(One in an occasional series of posts on the background material for my novel, Daring and Decorum.)
There’s an incredible tracking shot in Kenneth Branagh’s 2006 film adaptation of As You Like It that perfectly sums up my feelings about the character of Celia and the treatment she receives from the pen of The Bard. It happens in Act III Scene ii, the one in which Celia and Rosalind (dressed as Ganymede) first encounter Orlando in the Forest of Arden.
The shot begins on a boardwalk crossing a wetland. Rosalind (Bryce Dallas Howard) has just told Celia (Romola Garai), “I will speak to him like a saucy lackey, and under that habit play the knave with him.” Rosalind and Orlando (David Oyelowo) proceed along the boardwalk, leaving Celia trailing behind as they trade quips about time and the love notes Orlando has been pinning to the trees. Celia seems to suffer from the fatigue she felt when she and Rosalind first came to the forest, or maybe she’s just appalled at her friend’s behavior. The camera loses track of her for a while as Orlando and Rosalind step onto dry land, but we soon get another glimpse of her in the background, now sitting on the boardwalk. Orlando and Ros circle around the wetland, then stop to face each other as they enter into their bargain, in which Orlando will pretend that Ganymede is Rosalind, and woo her in that guise. The pair stand far enough apart that in the far background between them we see poor Celia, now just an infinitesimal dot.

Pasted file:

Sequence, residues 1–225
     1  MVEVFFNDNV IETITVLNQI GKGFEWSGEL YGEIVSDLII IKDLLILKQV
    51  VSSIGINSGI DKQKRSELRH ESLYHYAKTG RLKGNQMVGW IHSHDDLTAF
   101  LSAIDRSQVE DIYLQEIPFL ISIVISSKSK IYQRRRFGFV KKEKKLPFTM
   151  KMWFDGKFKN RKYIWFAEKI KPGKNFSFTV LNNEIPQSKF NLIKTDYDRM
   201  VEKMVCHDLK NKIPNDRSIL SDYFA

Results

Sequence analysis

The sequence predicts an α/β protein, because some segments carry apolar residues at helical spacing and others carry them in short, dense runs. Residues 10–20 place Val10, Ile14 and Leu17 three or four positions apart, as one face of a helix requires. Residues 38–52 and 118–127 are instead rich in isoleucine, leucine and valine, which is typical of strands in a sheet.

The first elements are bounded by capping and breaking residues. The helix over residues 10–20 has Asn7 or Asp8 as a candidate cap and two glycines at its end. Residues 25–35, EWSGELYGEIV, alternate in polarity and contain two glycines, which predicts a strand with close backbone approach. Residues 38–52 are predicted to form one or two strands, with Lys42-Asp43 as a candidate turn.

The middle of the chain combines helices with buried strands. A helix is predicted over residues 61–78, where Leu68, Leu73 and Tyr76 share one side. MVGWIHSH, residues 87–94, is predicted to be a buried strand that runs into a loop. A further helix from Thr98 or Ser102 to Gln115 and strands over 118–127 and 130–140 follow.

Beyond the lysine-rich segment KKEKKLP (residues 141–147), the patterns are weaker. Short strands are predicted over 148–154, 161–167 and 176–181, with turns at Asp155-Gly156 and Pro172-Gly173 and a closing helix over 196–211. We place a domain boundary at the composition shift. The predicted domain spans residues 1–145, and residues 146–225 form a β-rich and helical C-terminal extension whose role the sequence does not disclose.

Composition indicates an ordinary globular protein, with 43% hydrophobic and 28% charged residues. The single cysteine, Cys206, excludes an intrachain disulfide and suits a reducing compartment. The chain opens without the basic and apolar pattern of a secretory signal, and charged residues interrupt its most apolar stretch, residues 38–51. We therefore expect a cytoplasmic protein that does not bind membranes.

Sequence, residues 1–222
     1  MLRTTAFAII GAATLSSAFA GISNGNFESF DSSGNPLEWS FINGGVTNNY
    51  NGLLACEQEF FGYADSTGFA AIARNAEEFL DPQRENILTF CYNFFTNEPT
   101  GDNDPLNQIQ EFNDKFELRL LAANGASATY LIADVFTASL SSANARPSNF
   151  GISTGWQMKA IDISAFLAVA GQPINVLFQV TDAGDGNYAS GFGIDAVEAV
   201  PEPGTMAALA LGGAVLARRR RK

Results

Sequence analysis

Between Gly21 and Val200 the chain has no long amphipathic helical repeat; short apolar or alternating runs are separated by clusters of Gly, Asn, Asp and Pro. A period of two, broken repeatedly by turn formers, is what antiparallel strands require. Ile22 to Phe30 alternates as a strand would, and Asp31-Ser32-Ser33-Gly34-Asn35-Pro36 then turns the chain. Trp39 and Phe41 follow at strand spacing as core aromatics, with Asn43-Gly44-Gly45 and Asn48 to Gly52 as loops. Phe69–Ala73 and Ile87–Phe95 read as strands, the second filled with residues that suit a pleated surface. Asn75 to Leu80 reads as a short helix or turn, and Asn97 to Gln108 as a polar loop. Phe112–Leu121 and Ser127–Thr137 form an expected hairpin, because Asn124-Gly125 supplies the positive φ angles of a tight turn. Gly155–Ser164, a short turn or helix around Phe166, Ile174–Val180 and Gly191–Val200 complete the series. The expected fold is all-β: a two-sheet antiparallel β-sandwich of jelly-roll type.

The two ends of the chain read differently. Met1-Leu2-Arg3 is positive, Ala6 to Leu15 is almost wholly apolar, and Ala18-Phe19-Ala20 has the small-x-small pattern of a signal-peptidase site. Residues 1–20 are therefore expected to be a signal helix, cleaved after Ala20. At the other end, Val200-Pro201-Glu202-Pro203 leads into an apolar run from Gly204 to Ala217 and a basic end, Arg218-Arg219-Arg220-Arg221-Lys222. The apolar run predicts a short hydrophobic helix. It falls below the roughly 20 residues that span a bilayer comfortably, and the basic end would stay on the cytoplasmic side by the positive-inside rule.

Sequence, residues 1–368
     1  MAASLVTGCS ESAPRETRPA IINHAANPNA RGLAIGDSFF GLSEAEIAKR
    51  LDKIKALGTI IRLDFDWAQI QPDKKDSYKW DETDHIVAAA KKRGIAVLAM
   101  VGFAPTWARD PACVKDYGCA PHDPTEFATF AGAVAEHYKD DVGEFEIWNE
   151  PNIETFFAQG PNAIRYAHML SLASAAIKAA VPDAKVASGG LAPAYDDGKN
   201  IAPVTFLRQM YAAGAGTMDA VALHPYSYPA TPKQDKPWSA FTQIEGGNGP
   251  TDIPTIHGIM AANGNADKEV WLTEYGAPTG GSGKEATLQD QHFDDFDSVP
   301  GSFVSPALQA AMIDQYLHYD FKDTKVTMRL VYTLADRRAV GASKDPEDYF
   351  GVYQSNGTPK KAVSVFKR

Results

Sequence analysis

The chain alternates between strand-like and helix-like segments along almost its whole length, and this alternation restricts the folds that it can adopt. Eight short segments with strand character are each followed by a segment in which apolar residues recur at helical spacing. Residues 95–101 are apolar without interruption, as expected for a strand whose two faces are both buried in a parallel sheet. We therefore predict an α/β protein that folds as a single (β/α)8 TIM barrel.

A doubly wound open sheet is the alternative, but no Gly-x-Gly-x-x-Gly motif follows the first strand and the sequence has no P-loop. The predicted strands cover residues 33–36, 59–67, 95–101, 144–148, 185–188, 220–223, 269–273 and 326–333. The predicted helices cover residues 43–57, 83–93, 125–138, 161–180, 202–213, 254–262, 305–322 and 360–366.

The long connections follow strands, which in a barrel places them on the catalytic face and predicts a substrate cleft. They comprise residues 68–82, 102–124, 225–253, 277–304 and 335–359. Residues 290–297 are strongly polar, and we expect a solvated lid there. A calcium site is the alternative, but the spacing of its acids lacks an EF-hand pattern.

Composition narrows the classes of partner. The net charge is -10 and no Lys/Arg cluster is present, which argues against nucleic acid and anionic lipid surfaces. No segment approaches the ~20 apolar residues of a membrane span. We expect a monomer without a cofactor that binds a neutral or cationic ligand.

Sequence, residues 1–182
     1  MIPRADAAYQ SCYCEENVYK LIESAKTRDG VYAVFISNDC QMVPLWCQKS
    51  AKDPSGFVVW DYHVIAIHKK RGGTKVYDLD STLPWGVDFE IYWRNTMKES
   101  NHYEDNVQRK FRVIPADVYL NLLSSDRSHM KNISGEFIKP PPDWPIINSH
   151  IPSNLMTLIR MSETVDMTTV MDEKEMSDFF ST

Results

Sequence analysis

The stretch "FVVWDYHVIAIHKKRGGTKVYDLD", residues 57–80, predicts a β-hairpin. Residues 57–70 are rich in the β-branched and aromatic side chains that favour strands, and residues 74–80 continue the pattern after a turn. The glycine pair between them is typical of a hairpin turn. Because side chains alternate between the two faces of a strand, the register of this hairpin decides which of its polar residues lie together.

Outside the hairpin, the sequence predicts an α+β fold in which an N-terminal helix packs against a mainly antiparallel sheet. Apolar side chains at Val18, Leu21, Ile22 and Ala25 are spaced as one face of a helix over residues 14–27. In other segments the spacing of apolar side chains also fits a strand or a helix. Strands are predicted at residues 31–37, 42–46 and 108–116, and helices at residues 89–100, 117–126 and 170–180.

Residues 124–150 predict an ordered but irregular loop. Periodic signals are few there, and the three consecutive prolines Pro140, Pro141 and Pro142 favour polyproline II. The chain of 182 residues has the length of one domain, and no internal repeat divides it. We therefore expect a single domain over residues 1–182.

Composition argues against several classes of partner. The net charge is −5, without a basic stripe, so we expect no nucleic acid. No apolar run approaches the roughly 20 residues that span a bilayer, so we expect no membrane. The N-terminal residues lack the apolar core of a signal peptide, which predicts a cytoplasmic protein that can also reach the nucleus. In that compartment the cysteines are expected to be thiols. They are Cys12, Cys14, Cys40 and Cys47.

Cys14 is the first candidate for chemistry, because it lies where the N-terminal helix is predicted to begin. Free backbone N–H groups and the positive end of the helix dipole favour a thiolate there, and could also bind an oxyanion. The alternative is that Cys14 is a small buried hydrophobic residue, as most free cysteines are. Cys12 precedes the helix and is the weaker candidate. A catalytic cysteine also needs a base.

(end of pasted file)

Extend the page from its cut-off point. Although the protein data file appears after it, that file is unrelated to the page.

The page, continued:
Yes, brilliant, Mr. Branagh! The blocking highlights the problematic nature of this scene (which leaves Celia with nothing to do for 130 lines of other characters’ dialogue) and also the problematic nature of Celia and Rosalind’s relationship.
That relationship is deep, much deeper than typical best friends or cousins. Near the opening of the play, Celia pledges her inheritance to her dear Ros, replacing what Celia’s father stole from Rosalind’s father. She tells her own father she cannot live without Rosalind. And she makes good on this statement, taking Rosalind’s banishment as her own, thus giving up not only her inheritance but a comfortable life at court and any likelihood of marrying. By the time of this scene, the two have pooled their jewels and wealth and set up their own household in the forest, purchasing a cottage, a flock of sheep, and the services of a shepherd to sustain them. In other words, they’re now independent of the economic and social forces that virtually required women to marry.